High cholesterol: “smelly” warning symptom associated with high levels,

High cholesterol can increase your risk of heart problems or stroke and usually doesn’t cause any symptoms

High cholesterol is often thought of as the “invisible killer” because it doesn’t usually cause symptoms, meaning it can be hard to spot.

Those who have high cholesterol are at higher risk of heart problems and circulatory diseases, including heart attack, stroke and vascular dementia.

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It can only be detected by a blood test, but some physical changes can be warning signs that your cholesterol levels are too high.

A recent study suggests that phantom odor perception is linked to high cholesterol (Composite: Kim Mogg/NationalWorld)

What is high cholesterol?

Cholesterol is a fatty substance found in your blood that plays an important role in how your body works. It is found in every cell in the body and is particularly important in the brain, nerves and skin.

High cholesterol is caused when the body has too much cholesterol in the blood. This is mainly a consequence of:

  • eat fatty foods
  • not exercising enough
  • to be overweight
  • Smoking
  • drink alcohol

Other factors that can cause high cholesterol that cannot be controlled are age, gender, ethnic background, an underactive thyroid, or it may run in your family.

Too much cholesterol can block your blood vessels, increasing your risk of heart problems or stroke.

Are There Warning Symptoms of High Cholesterol?

High cholesterol doesn’t usually cause symptoms, but research suggests it can be detected by unpleasant odors.

A study published in the journal laryngoscope in 2020 suggests that phantom odor perception is associated with high cholesterol levels.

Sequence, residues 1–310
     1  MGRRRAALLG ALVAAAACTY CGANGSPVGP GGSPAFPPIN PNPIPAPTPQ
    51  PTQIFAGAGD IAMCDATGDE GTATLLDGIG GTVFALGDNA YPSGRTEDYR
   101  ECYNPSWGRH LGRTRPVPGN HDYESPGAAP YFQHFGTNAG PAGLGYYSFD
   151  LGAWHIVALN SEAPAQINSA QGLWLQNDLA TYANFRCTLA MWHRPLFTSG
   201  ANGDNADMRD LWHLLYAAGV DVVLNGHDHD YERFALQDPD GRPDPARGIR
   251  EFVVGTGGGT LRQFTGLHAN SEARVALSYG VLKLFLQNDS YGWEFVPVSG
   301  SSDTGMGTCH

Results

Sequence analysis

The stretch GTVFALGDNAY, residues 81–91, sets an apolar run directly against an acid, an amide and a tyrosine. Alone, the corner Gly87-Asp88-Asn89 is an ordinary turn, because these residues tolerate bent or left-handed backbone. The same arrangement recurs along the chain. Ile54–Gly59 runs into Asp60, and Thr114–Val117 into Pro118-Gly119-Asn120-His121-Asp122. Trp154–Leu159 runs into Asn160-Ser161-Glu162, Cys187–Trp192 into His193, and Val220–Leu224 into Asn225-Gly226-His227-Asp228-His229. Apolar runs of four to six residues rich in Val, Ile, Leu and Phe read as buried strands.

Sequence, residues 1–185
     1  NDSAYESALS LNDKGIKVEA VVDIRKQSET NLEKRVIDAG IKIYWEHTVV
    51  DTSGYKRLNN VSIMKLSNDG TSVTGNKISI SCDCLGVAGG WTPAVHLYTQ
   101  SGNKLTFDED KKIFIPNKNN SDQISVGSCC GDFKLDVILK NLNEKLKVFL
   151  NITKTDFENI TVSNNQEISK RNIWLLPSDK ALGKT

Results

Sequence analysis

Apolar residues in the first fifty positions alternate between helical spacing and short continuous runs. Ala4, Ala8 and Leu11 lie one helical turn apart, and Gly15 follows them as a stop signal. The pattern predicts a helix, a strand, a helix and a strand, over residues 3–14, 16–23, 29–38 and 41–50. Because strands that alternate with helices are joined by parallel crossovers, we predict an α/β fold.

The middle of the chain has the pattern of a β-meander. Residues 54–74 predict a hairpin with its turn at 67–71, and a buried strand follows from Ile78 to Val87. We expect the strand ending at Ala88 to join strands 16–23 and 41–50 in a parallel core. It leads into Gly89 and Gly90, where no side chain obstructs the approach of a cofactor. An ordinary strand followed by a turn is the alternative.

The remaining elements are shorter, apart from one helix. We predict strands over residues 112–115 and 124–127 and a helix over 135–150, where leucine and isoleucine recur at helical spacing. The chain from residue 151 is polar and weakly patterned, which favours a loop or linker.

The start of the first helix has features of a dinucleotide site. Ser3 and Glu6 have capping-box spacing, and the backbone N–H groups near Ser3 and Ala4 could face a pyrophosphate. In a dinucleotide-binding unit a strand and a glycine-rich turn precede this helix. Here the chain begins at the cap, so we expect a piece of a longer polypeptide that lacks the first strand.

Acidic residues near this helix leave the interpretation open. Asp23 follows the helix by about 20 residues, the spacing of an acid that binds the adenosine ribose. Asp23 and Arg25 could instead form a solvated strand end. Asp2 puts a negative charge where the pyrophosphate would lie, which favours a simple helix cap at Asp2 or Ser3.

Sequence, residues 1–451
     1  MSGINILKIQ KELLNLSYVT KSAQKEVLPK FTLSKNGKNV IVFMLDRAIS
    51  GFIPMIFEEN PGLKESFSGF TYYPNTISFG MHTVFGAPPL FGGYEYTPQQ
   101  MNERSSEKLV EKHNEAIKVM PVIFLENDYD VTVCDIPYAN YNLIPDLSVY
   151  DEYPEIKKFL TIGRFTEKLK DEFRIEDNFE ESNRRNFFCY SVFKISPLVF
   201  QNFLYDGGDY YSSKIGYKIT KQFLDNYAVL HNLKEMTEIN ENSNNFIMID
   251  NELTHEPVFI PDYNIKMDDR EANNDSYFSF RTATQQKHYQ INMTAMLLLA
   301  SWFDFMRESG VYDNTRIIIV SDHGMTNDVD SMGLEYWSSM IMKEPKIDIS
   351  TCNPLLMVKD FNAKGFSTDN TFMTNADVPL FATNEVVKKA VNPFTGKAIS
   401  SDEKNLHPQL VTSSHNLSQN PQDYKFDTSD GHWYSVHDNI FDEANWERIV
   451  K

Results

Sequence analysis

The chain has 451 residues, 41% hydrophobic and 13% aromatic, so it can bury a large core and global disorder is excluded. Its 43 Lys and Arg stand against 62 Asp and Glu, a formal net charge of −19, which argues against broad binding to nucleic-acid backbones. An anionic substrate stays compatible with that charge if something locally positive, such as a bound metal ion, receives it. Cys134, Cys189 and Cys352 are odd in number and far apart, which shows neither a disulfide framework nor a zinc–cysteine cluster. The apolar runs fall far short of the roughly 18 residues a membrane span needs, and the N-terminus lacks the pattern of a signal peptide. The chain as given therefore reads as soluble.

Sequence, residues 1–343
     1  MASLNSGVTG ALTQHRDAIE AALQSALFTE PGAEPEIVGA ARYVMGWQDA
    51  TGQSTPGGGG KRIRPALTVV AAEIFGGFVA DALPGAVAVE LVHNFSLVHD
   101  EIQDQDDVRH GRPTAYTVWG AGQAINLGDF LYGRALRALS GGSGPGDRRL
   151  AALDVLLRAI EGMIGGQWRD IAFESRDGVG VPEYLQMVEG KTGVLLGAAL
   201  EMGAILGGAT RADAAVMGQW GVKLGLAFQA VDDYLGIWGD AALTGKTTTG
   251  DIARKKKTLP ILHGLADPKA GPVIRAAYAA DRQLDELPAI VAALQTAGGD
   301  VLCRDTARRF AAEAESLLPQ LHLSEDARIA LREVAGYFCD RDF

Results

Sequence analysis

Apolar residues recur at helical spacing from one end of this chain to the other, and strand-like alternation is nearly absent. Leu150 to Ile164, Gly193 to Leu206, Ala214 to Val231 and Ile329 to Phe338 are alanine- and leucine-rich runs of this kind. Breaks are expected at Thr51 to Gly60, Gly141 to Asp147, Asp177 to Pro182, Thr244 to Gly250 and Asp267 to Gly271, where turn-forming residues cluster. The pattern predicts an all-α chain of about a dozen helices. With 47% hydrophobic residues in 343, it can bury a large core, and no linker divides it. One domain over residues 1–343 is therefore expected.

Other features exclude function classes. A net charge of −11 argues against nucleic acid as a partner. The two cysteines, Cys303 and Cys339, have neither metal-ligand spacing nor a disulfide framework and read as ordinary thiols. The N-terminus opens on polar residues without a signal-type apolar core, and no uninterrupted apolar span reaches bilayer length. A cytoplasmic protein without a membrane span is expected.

Phantom odor perception is when a person perceives an unpleasant, foul, or burning odor when nothing is there.

The researchers collected data from the National Health and Nutrition Examination Survey from 2011 to 2014 and produced a nationally representative sample of 7,417 adults ages 40 and older.

Participants reported vascular disease, including a history of stroke, and total cholesterol was also measured.

The results showed that adults with diagnosed but controlled high cholesterol reported phantom odors more often than those without high cholesterol.

Stroke was also associated with a 76% greater likelihood of phantom odor perception, while congestive heart failure and angina pectoris were associated with three and 2.8 times the likelihood of phantom odor perception in adults aged 40 to 59 years and 50 years, respectively.

A three-fold higher likelihood of phantom odor perception in adults 60 years and older with diabetes was also observed, but only in those using both insulin and oral medications.

The researchers concluded, “Stroke, angina, congestive heart failure, well-controlled hypertension, and well-controlled high cholesterol are associated with the perception of phantom odors.”

One doctor has also warned that the most obvious signs of high cholesterol are due to peripheral artery disease (PAD), which causes fatty deposits to build up in the arteries and restricts blood flow to the leg muscles.